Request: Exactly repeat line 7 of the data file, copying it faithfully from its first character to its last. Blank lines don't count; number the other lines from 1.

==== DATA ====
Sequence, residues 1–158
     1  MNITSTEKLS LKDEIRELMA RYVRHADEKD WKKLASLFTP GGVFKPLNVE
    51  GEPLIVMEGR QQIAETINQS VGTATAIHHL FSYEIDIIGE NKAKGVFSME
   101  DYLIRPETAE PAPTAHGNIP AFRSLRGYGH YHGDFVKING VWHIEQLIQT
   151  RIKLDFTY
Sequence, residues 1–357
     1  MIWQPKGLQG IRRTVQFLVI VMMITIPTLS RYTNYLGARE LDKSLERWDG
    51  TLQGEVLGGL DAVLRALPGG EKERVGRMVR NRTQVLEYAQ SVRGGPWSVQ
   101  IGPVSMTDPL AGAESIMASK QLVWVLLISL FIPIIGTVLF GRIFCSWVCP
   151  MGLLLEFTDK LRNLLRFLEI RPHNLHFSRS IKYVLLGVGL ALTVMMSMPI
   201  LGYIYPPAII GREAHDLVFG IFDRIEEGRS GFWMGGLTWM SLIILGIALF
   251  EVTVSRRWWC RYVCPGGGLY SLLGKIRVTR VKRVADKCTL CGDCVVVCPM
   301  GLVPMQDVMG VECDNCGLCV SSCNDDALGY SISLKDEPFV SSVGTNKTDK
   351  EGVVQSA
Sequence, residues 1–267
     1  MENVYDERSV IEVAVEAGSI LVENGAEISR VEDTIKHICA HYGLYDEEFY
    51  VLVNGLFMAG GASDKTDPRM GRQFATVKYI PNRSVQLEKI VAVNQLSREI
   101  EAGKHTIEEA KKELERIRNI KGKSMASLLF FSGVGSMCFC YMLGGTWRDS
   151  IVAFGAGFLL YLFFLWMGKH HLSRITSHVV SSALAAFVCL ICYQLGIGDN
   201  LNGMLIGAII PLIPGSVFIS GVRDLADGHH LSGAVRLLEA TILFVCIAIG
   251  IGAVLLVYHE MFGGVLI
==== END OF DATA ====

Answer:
     1  MIWQPKGLQG IRRTVQFLVI VMMITIPTLS RYTNYLGARE LDKSLERWDG